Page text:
On Thursday morning, the employment cost index, or ECI, for the first quarter will be released.
Unlike the average hourly earnings number released in the monthly jobs report, the ECI is a more comprehensive measure of compensation, taking into account things like how much employers spend on things like benefits in addition to wages.
Currently expectations are for the report to show employment costs rose 0.6% in the first quarter, reflecting a 2.6% year-over-year increase.
But anecdotal evidence from big employers like Wal-Mart and Target, as well as service-sector companies like The Cheesecake Factory, suggests that perhaps we’re heading towards a surprise increase in employer costs, and bigger long-term impact on corporate profitability as a result.
And for Bank of America Merrill Lynch strategist Michael Hartnett, this kind of surprise would be “unambiguously bearish.”
Here’s Hartnett in a note to clients last week:
We think bullish investors currently “looking through” the EPS weakness require Q2 macro data to show: US retail sales recovery (US$-positive), low European inflation (bund-positive), and China PMI stabilisation (cyclical- positive). In our view, a bearish game- changer would be acceleration in the US Q1 Employment Cost Index (Chart 5 – released April 30th). We believe weak EPS tied to US wage pressures would be unambiguously bearish.
Recall that earlier this month, Bank of America called for an “earnings recession,” or a year-over-year decline in earnings per share during the first quarter. This would be the first such event since 2009, and the firm stuck with its call for the S&P 500 to rise to 2,200 this year, as the decline in earnings had largely to do with the crash in oil prices and the strong US dollar, impacts that aren’t likely to persist.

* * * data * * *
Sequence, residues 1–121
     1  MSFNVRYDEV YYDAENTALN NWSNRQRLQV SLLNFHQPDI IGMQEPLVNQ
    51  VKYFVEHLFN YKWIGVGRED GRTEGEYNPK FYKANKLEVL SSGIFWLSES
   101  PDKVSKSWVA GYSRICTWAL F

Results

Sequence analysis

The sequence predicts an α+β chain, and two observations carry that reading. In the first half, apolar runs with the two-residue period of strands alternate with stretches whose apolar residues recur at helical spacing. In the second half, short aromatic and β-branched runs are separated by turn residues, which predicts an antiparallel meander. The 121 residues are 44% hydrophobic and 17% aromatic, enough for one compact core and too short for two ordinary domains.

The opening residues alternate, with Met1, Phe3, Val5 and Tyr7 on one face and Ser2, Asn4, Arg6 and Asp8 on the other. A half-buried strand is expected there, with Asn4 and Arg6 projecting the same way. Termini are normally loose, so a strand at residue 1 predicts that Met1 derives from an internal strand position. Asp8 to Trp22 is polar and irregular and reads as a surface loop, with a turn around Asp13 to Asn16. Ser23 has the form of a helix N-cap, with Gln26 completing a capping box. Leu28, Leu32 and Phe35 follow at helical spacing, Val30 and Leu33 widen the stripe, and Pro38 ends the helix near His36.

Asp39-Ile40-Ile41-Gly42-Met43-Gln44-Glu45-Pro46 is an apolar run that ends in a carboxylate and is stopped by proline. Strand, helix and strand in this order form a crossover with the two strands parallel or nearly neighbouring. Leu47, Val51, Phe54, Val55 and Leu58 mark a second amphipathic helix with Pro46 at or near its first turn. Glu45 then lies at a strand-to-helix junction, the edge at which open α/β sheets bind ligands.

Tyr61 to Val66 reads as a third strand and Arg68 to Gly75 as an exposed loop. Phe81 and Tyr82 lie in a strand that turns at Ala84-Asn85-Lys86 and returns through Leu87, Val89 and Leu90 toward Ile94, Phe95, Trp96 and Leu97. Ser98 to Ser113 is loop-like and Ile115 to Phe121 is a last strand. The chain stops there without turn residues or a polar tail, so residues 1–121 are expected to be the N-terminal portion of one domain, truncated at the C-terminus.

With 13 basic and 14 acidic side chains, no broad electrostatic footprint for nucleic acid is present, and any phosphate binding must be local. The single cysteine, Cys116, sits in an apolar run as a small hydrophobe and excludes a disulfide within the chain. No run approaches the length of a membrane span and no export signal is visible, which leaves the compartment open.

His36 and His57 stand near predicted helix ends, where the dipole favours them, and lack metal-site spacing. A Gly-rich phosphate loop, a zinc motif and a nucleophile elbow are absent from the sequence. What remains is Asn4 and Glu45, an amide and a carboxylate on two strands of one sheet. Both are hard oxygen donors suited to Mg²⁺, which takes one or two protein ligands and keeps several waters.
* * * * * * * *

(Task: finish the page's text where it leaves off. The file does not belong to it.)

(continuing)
An uptick in wages weighing on earnings, however, poses two potential problems to investors.
First, wage pressures aren’t easily reversed: if you start paying workers more, and this take a bite out of your bottom line, you’re unlikely to pull that back quickly.
Second, if wage pressures are more widespread, this could prompt the Federal Reserve to raise interest rates faster than markets expect, which could pose downside risk to stocks.
Back in February, Deutsche Bank strategist David Bianco looked at the impact Fed rate hikes have had on stocks. Sometimes, stocks have sold off and Fed actions have even lead to bear markets or recessions. Other times, stocks have shaken off the Fed and powered higher.
What happens if the Fed raises rates this time, of course, remains to be seen. But as we enter the sixth year of the post-crisis bull market, strategists are reminding investors to keep their guards up against big changes in the landscape.
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